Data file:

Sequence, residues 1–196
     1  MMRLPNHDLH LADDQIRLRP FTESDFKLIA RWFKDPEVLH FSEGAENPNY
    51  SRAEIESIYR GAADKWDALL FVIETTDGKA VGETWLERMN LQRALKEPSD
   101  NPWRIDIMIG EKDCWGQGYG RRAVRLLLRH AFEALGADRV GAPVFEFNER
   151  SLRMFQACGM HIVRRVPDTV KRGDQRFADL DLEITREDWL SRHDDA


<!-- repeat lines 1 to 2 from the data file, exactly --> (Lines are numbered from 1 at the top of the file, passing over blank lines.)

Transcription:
Sequence, residues 1–196
     1  MMRLPNHDLH LADDQIRLRP FTESDFKLIA RWFKDPEVLH FSEGAENPNY